A study, conducted by researchers at Boston Children’s Hospital and published in the journal Circulation, indicates that microscopic particles containing proteins and exosomes, types of nucleic acids, could potentially protect the lungs of premature babies from serious lung diseases and chronic lung injury caused by inflammation. The findings explain earlier research suggesting that while transplanting a kind of stem cell called mesenchymal stem cells (MSCs) could help reduce lung injury and prevent inflammation in a mouse model, the fluid in which the cells were grown was more effective than the cells themselves.
Because premature babies have underdeveloped lungs, they sometimes struggle to get enough oxygen. This can result in hypoxia and the need for ventilator assistance to breathe. Their lungs are also susceptible to inflammation, which can lead to poor lung growth and chronic lung disease. Also associated with inflammation is pulmonary hypertension (PH), dangerously high blood pressure in the pulmonary artery, which can have short and long-term consequences.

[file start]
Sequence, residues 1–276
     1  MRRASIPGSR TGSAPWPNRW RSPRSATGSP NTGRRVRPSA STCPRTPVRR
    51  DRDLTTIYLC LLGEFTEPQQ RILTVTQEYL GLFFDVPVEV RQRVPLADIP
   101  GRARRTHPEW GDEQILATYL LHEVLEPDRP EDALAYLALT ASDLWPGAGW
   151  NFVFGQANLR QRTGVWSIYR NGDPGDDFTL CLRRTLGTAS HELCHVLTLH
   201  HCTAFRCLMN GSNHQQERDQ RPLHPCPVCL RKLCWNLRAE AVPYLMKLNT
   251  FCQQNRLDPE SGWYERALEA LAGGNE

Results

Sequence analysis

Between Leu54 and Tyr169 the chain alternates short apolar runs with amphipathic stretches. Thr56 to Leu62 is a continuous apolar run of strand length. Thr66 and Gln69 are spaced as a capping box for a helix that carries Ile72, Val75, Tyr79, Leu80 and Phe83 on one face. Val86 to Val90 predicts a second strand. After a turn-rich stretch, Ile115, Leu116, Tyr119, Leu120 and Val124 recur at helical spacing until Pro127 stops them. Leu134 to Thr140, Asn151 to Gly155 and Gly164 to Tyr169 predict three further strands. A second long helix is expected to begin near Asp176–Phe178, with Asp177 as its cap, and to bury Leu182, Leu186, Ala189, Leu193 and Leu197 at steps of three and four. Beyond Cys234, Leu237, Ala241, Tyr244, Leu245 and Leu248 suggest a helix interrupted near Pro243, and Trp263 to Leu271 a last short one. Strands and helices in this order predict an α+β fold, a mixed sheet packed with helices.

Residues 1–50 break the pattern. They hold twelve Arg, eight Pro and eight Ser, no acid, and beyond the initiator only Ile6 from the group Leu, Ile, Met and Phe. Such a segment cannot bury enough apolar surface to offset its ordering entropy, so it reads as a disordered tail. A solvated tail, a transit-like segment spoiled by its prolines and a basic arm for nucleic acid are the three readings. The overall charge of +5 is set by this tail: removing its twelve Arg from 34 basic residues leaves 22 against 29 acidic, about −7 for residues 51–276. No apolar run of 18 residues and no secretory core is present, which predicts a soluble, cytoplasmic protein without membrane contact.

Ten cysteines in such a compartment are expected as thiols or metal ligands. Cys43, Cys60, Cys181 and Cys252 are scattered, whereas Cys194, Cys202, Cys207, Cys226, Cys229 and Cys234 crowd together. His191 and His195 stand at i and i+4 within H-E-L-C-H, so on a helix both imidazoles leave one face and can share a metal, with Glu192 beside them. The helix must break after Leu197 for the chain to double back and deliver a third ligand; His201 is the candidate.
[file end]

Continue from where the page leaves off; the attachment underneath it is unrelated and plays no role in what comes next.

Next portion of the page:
“PH is a complex disease fueled by diverse, intertwined cellular and molecular pathways,” said Stella Kourembanas, MD, one of the researchers who led the study. “We have treatments that improve symptoms but no cure, largely because of this complexity. We need to be able to target more than one pathway at a time.”
The study found that injecting just purified exosomes from MSCs reduced lung inflammation and prevented the occurrence of PH in their animal model of PH. Researchers concluded that something unique to the MSC-produced exosomes is required for their protective effect. Kourembanas hopes that future studies will lead to the development of a direct therapy for at risk premature infants.
Source: Boston Children’s Hospital